It is extremely important to remember that when serving these communities, the biggest struggle for those who identify as part of the LGBT currently is that they are not being treated with respect or equality/equity, so treat them with such. However, that is a piece of vague advice as you should treat all individuals with respect and equality.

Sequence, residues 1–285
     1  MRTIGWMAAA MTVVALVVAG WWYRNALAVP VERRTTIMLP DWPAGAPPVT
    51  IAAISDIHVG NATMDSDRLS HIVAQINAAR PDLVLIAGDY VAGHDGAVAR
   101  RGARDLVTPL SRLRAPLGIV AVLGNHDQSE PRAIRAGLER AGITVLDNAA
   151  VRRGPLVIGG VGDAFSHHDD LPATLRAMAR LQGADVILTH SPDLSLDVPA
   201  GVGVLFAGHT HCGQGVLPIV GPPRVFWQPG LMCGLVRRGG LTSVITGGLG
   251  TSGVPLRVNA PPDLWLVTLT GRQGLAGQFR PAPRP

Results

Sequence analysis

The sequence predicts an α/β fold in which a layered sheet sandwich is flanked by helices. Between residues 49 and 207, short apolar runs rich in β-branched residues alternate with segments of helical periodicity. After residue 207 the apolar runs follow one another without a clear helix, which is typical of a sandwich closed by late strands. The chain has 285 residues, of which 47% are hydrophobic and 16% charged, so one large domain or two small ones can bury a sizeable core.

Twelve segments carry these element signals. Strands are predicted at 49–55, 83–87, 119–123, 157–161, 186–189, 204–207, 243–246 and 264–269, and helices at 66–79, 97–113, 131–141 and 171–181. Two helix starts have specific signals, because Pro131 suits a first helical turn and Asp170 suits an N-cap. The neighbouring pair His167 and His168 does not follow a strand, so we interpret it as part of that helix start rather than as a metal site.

The true first value that we, as social workers, should also remember is that we should engage and encourage diversity and differences in the work place. This can also be helpful when attached with the “strengths-based perspectives,” when aiding our clients. Each individual has their own personal strengths. When working with LGBT members, help them find what it is that they excel at, to help them with their struggles with their own identities. Our second value to remember is that we, as social workers, should also make it a practice to strive for social institutions to be more humane and responsive to human needs. Members of the LGBT community are discriminated at work very often, and it is our job to help prevent that from happening. Whether it is talking to human resources at your company and helping them set up some better hiring parameters, or assisting members of the LGBT community find careers and jobs where they won’t have to fear workplace harassment or workplace rejection. If better parameters are met than we may be able to see a decline in our homelessness rates and an increase in diversity in the workplace. This also follows the third social worker value of committing ourselves to assisting clients obtain additional resources. This can range from finding them a therapist, to helping perform talk therapy, to finding them respectable housing or careers. These values help give us our own parameters when identifying our client’s specific problems and needs (Hepworth, Rooney, Rooney, and Gottfried 2017).